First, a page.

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You are here > Home > Blog > What Makes a Good Candidate Experience

What Makes a Good Candidate Experience

The importance of a good candidate experience can never be underestimated. The 2014 CandE report, which is produced by the organisers of the Candidate Experience Awards, showed that 88% of job applicants are more likely to buy from a company the gives them a positive experience when applying to work there. Half of respondents said they would tell friends and peers about a good experience (whether they get the job or not) whilst 97% would refer a friend to the company and 95% re-apply for a future role, if the experience was good.

For candidates who ultimately get hired there will be better engagement and on boarding, whilst those who are unsuccessful can become brand advocates. So what goes into making a good experience?

Firstly it helps to know what you are looking for. A properly scoped job description, with recruiter and hiring manager knowing exactly what the successful candidate will be doing, is the starting point. The purpose of the role, the attributes and capabilities required and what success will look like are all questions that need to be answered. Is there someone already with the organisation, ready for a new challenge, who can do this? Reach out to employees and alumni for a referral – someone who already has a connection with your business is likely to have a better experience. 

If we are recruiting externally then it’s important that any advertisement is clear and concise, and sets out exactly what’s expected. Salary, location and scope should all be included to help increase relevant applications. For most, the experience starts when people apply and all applicants, whether relevant or not, will expect to hear back from you.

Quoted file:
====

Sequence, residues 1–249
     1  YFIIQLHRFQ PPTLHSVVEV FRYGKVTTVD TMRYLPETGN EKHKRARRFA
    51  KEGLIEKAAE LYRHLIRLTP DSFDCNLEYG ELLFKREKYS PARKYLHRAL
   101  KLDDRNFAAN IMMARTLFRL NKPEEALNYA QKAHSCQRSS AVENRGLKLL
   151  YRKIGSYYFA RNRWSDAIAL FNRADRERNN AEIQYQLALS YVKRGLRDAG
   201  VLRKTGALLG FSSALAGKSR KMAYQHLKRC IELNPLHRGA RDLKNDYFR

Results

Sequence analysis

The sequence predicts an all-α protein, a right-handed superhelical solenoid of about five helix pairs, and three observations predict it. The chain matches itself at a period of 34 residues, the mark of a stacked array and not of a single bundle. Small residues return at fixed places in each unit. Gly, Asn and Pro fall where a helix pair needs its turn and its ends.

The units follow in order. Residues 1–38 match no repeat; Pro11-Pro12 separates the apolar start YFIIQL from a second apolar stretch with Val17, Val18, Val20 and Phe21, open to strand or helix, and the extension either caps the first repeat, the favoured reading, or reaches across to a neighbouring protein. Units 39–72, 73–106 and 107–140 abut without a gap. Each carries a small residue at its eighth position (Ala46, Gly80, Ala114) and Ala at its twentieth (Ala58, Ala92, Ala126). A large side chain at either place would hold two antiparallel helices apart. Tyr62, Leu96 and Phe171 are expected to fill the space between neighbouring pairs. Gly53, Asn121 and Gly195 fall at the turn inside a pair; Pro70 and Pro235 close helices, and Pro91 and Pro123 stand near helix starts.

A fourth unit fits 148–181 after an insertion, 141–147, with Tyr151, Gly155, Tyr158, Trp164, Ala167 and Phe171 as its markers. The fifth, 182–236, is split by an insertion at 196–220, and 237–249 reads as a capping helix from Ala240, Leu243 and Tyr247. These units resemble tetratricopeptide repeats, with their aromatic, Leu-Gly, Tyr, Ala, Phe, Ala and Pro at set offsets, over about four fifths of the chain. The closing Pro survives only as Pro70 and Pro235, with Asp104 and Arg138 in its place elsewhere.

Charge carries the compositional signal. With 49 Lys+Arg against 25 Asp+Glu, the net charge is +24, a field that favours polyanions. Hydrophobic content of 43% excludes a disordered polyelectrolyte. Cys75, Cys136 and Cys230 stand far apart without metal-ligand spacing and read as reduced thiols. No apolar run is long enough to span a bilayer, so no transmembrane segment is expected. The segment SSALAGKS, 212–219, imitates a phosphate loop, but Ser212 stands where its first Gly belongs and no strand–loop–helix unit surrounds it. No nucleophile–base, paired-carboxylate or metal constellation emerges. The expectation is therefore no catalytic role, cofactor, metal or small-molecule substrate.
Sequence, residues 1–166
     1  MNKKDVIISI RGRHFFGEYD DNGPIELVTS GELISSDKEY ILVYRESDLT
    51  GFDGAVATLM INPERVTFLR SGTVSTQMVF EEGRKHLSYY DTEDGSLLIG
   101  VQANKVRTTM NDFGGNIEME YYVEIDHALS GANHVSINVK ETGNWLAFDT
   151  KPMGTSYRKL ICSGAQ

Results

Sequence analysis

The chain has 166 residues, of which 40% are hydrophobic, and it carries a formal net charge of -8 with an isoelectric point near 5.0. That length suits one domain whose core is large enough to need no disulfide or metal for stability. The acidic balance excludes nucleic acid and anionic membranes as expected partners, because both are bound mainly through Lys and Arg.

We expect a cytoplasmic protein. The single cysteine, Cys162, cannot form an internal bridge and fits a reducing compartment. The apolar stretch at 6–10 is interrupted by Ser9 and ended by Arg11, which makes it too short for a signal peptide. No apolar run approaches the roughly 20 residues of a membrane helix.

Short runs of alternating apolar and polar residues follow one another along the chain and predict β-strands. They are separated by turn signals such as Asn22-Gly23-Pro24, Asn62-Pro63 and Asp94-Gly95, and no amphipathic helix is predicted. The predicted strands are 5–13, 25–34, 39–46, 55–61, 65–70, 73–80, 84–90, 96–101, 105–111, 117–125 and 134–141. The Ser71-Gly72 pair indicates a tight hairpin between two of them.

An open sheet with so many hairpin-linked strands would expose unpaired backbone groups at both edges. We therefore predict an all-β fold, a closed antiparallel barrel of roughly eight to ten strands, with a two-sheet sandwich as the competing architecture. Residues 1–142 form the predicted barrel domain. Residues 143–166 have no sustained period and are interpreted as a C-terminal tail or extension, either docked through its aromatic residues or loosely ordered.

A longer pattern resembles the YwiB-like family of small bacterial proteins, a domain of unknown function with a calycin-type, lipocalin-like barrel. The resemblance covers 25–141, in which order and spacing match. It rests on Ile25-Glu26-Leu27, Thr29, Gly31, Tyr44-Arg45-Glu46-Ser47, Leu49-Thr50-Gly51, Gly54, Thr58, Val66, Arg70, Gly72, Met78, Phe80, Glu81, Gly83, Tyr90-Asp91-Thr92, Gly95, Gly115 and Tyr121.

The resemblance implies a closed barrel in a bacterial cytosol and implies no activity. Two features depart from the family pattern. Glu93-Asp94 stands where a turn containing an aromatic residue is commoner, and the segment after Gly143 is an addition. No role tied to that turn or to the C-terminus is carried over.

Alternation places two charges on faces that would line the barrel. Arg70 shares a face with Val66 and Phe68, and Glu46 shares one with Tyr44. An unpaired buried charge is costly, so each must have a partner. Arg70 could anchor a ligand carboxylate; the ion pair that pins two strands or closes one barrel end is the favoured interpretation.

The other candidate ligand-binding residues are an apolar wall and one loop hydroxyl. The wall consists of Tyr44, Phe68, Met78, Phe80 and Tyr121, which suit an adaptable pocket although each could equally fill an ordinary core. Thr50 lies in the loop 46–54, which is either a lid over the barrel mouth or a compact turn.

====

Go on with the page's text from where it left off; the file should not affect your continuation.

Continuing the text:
Communication and expectation setting are crucial to a good candidate experience. Will people get an acknowledgement? Will they know about the next stage and when they are likely to hear more? If they are rejected then are we telling them why? Remember that positive interactions lead to advocacy even if the applicant is rejected, so everyone should be treated respectfully and should always know where they are in the process. 

 Giving proper and constructive feedback is a key skill that we don’t always assess in our managers. For applicants in a hiring process it’s vital to know what you rate as their strengths and where they may come up short. It helps them prepare for the interview stage and if they are unsuccessful they will value your input as they continue their search. One of the biggest frustrations that job seekers face is the lack of insightful feedback so they will positively view any business that can help them.

The interview and offer stage should be smooth and organised, no shock panel interviews or unfathomable questions. Put them at ease and give them ample time to prepare. Your process should reflect the type of company you are and be designed to find the person with the best cultural fit who also displays the capabilities and values you need.

It’s often the little things that matter most to a good experience, and it doesn’t need to cost much.

If you attend January’s In House Recruitment Expo you’ll hear Nick Thompson present ‘Candidate Experience – It’s Not Rocket Science‘ during which he’ll explain why the candidate experience is everyone’s responsibility and how he created a successfully and cost effective one at Thames Water. 

You don’t want to miss it – with 9 out of 10 candidates likely to buy, it could impact your top line too!

Mervyn Dinnen

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